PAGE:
How to Handle an Ingrown Toenail (and How to Keep It from Coming Back)

Dr. Corey Fox
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Director of Massapequa Podiatry Associates

Winter can mean significantly more time spent with your feet encased in boots than usual—and if they’re not in boots, they may be in dress shoes instead.

There isn’t really anything wrong with that, of course. It’s normal for the weather and holiday parties, after all. But if your feet are spending more time in tighter confines, the risk of an ingrown toenail can rise.

Whenever an ingrown toenail does strike, it’s best to take care of it as soon as possible. Who wants to spend any more time with bothersome pain than they need to?

Fortunately, most cases of an ingrown toenail are mild and can be effectively treated at home. We will be running through a standard method for doing so, but first let’s review an important question.

When Should an Ingrown Toenail Be Seen by a Professional?

While most ingrown toenails are easy to handle, there are always exceptions to the rule. Not every case is best treated at home, and sometimes the help of a podiatrist is preferable or even necessary for the best outcomes.

Here are some situations when you should really consider calling us about your ingrown toenail:

  • It hurts too much to touch. If the pain is too much for you to perform home treatment, please do not hesitate to reach out to us. We have access to effective ways of relieving pain, and it also might be a symptom of a complication that will need to be addressed.
  • Your toe is showing signs of infection. An infected ingrown toenail can lead to worse problems, so it is important that any suspected infection is looked at promptly. Severe pain can be one sign of infection, and others include red streaks radiating from the site of the problem, a tangible heat in the area, and a heavy discharge of pus.
  • You have diabetes. Infections can be an enormous concern to patients who have diabetes, due to the consequences the disease can have on the feet. Informing us of problems such as ingrown toenails—no matter how minor they may be—can help us track potential problems and stop worse things from happening.
  • Your ingrown toenails keep coming back. An ingrown toenail once in a great while can just be bad luck, but ingrown nails that just keep coming back are a sign that something needs to be taken care of. We can help you get to the root of the problem.

If any of the situations above apply to you—or you simply have questions or concerns—we are here and happy to help you.

Otherwise, you could try managing your ingrown toenail on your own.

Treating an Ingrown Toenail at Home

First thing’s first:

Any form of “treatment” you might be thinking of that includes cutting into your skin, digging into it with some sort of implement, or cutting notches into your nail, just throw it out the window right now.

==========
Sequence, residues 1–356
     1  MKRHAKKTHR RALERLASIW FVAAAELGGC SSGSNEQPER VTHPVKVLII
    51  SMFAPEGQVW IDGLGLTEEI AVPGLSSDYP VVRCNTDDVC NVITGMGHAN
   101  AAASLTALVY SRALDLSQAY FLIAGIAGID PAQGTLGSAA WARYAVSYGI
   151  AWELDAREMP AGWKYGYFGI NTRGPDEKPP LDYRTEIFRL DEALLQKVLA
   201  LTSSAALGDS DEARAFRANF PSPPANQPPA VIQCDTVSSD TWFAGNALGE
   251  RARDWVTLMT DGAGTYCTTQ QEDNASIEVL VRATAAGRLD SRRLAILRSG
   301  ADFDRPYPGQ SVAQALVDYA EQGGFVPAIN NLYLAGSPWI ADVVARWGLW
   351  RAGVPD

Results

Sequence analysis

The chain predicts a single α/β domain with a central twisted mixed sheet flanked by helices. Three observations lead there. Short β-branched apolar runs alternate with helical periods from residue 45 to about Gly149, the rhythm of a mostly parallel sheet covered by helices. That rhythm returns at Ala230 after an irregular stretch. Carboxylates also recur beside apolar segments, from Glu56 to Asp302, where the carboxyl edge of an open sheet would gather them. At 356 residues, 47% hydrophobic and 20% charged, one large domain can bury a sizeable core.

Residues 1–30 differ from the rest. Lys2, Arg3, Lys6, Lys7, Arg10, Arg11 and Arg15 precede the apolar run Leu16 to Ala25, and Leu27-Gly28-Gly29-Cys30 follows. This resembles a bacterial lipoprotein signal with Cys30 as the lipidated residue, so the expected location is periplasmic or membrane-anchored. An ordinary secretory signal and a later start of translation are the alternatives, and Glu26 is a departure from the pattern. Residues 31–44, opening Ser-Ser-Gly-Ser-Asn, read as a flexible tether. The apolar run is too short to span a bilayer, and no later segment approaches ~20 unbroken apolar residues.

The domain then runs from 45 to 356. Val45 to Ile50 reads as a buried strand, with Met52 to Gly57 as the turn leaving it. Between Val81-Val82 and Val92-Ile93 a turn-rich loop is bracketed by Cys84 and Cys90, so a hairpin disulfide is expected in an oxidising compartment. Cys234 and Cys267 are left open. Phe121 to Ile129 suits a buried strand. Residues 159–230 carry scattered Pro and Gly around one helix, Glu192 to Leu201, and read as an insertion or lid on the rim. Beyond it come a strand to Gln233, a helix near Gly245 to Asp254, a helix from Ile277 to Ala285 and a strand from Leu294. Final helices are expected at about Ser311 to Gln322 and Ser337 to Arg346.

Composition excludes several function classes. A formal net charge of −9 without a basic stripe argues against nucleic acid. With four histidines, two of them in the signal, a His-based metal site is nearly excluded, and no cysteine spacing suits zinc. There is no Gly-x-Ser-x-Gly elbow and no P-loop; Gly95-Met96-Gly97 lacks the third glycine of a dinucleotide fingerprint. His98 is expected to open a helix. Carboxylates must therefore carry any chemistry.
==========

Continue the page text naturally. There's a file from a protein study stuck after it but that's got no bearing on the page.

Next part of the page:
These forms of treatment either don’t work or risk you messing up your toe further. A safe ingrown toenail treatment takes a bit of patience and a gentler approach—not anything along the line of “bathroom surgery.”

We recommend following these steps for treating an ingrown toenail in the comfort of your home:

  • Start by soaking your feet in warm water for 15-20 minutes. This helps reduce the swelling and tenderness, making your foot more comfortable and helping with further steps. You can soak your feet 3-4 times per day.
  • After a soak, gently dry your foot. Then, place a clean piece of waxed dental floss or a small piece of cotton beneath the ingrown edge. This helps keep the nail elevated and prevent further growth inward. Floss tends to be preferred, as pieces of cotton can sometimes get stuck beneath the nail.
  • Apply some antibiotic cream for protection, then apply a bandage around the toe.

Every time you soak your foot, replace the current cotton/floss and bandage with a new, fresh supply. If you are using cotton, make sure all pieces are removed from beneath the nail.

While recovering from an ingrown toenail, try to keep your foot from being confined in your shoes as often as possible. If you can manage open-toed shoes or sandals, opt for them (although we know that isn’t always a sensible option in our climate).

Standard, over-the-counter pain relievers such as acetaminophen, ibuprofen, and naproxen sodium may also be taken to help relieve pain, but only if necessary and you have never been advised not to take them by a doctor. Follow provided dosage directions.

Help for Preventing Future Ingrown Toenails

Taking care of an ingrown toenail is nice. Not having another one in the future is even better!

Certain factors can increase risks for ingrown toenails. But mitigating them can help lower your chances of getting one.

  • Don’t wear tight shoes. Shoes that force pressure against the front of the foot or cram the toes together can force an ingrown toenail.
  • Cut nails properly. Trim as straight across the nail as possible, avoiding curving at the edges. You can always use a file to gently round off corners if you need to.
  • Keep your toes from trauma. When toenails are damaged—such as from having something dropped on them or repetitive impact against the inside of your shoe while running—they can start growing incorrectly.

If you take steps to try to prevent your ingrown toenails, but they just keep coming back over and over, you may have inherited the penchant for your nails to grow curved. In these cases, we might recommend permanent removal of part or all of the nail, a simple procedure that can be performed in-office.

If ingrown toenails are causing you more trouble than can be handled at home, give our Massapequa office a call at (516) 541-9000. You may also fill out our online contact form, if you prefer, and a member of our staff will reach out to you during normal office hours.

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